Has the key to the UK’s retirement savings challenge been in front of us for the last decade? An insight into behavioural economics may prove both informative and significant.
01 Jan 2017
Auto-enrolment is now well under way in the UK with just over 6.3 million DC savers as of The Pensions Regulator’s June 2016 report, compared with just 2.9m in 2012 before Auto-enrolment had begun.
We can all agree that Auto-enrolment is an effective means of getting people to start saving sooner, but how much is enough when scientists are already predicting some of us alive today will reach 150 years old? This may seem extremely high given life expectancy in this country is still currently under 80, but when you consider that the oldest UK resident died at 113 recently and the oldest still living is 112, is it that inconceivable? Given that the majority of employees in workplace pensions contribute the legal minimum, this will still leave them without sufficient income at retirement (I will deliberately steer clear of what “sufficient income” is defined as!). In 2018, the government, as part of the Auto-enrolment process, will increase employees’ contributions to 5% in some cases. As a result, many people already finding 1% to be a burden on their take-home pay will likely opt out when these increases come into effect. The Treasury are already predicting that 15% of people will have opted out before Auto-escalation even begins.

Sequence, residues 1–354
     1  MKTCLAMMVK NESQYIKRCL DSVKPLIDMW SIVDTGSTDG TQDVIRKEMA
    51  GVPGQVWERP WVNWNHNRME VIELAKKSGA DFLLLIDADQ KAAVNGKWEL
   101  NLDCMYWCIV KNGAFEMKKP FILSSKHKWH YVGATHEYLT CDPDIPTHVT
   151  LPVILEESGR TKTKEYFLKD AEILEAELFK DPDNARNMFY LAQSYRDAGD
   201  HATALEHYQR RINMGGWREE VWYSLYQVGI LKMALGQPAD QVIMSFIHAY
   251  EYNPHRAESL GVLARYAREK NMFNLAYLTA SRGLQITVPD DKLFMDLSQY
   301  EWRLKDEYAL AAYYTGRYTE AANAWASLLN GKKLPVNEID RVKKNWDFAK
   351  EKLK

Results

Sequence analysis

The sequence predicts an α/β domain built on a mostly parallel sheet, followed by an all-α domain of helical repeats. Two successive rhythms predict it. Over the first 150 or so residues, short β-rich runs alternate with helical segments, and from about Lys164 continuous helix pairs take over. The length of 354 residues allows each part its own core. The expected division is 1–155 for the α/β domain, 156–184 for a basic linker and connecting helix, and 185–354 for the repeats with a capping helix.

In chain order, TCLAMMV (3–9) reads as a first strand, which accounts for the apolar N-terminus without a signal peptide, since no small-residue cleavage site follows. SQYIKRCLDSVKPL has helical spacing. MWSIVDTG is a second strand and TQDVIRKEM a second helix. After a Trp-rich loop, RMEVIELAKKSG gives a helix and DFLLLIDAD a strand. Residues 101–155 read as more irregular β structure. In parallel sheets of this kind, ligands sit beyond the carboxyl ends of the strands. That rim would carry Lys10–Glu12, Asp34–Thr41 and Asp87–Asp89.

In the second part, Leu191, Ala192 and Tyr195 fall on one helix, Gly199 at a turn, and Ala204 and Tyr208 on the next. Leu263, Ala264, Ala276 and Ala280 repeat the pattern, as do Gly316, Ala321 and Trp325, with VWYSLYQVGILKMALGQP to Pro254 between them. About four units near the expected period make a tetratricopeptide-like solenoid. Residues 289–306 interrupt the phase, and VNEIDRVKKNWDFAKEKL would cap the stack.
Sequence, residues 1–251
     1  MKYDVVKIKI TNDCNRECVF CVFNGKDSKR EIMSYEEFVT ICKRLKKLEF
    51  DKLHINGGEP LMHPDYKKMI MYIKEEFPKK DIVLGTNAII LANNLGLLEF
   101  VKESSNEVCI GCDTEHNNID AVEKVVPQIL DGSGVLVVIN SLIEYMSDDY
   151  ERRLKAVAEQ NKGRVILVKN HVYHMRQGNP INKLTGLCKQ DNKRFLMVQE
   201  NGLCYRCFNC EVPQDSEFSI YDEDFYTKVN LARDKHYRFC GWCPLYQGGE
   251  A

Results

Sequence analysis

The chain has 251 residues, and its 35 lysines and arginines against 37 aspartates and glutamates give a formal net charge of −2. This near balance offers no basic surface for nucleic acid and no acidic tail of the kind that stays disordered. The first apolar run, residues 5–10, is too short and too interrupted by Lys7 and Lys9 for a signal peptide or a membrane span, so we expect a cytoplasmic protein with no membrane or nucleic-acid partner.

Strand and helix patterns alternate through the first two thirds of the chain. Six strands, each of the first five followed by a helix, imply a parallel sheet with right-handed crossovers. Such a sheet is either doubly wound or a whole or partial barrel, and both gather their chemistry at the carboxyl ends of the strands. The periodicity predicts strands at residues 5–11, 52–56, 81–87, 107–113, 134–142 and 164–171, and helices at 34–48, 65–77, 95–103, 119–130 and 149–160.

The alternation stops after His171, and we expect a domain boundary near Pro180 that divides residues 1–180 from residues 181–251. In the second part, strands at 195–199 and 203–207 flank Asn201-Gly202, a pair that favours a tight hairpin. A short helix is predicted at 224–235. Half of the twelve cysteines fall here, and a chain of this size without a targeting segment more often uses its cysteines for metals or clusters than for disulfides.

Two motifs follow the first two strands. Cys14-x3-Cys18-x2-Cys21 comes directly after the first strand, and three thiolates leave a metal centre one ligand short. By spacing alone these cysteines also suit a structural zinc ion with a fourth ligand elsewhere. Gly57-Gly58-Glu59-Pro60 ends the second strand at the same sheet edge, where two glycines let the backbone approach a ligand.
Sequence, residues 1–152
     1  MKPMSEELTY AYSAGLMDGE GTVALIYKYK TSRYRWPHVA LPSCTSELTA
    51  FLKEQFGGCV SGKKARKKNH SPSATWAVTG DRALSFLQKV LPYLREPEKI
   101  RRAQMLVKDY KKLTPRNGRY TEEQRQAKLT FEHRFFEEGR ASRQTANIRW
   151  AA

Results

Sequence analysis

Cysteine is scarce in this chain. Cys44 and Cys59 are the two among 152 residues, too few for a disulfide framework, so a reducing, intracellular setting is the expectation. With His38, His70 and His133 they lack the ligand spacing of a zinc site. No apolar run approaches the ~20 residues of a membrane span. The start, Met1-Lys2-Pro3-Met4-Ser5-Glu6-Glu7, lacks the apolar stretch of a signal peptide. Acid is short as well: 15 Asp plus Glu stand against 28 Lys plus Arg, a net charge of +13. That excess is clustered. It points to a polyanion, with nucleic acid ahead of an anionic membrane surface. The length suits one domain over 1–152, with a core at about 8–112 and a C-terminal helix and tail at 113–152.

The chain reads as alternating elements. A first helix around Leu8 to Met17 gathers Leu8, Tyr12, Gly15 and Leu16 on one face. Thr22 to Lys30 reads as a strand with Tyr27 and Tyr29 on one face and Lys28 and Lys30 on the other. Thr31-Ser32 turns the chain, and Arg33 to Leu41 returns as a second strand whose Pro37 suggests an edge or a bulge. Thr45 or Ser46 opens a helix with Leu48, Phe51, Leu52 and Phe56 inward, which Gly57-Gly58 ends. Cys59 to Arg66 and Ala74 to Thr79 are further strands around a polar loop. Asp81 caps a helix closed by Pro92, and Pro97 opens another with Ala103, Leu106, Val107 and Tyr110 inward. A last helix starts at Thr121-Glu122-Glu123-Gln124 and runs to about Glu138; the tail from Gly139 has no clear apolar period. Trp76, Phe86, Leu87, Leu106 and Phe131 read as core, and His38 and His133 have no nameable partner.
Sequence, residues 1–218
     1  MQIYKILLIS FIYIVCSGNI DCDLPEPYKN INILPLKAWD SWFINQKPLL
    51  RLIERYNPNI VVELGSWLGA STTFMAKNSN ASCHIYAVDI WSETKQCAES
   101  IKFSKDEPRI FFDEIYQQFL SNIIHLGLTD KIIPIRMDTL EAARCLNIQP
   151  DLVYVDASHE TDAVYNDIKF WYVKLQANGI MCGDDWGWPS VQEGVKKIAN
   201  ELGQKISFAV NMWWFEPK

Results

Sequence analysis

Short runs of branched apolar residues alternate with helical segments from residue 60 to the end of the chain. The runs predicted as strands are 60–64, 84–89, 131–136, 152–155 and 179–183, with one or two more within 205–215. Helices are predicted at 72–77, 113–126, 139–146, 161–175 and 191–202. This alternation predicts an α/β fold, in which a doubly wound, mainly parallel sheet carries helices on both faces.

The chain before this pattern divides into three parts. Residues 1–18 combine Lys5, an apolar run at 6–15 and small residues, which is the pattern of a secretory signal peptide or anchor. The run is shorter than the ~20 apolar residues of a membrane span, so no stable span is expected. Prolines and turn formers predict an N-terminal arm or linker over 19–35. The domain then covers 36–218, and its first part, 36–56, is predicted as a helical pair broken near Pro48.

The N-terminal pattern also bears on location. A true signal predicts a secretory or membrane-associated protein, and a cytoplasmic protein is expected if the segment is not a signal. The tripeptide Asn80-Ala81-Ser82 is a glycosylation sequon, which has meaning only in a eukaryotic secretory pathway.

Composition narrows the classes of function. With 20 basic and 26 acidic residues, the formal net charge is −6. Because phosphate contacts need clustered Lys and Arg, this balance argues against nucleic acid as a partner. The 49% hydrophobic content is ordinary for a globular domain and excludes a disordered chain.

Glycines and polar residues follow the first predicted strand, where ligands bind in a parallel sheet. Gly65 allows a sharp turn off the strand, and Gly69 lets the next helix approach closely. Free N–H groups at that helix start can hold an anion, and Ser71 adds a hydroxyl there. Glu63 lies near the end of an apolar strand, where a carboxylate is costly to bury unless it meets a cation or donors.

Is ‘Save More Tomorrow’ or ‘SMarT’ the answer? This proposal, developed over a decade ago in 2004 by two American behavioural economists, Richard Thaler and Shlomo Benartzi, outlines how employees are more likely to respond to contribution increases using well-designed “choice architecture” – the way in which the increase is presented to you. This plan was constructed around five psychological principles that we see in everyday human behaviour.
Guilt: many people feel they should be saving more, even plan to, but never do;
Self-control restrictions: it is easier to implement things if they take place in the future;
Loss aversion: people hate seeing their pay cheques go down;
Money illusion: losses are felt in nominal amounts;
Inertia: going with the flow.
Save More Tomorrow works by synchronising increased contributions with pay rises to ensure that the employee never takes home less money in the future. The key to implementation, however, is timing. Given the current rollout of Auto-enrolment until 2018, attempts to implement this kind of plan could overcomplicate things and place too much of a burden on employers. Pay rises have also been somewhat rare since the crash as real wages are 10% below their ’07 peak causing further issues.
It is, however, something that in the future could not only encourage higher rates of savings amongst those still enrolled in 2018, but also encourage those that originally opted out to reconsider a more attractive savings plan and build a better future for themselves.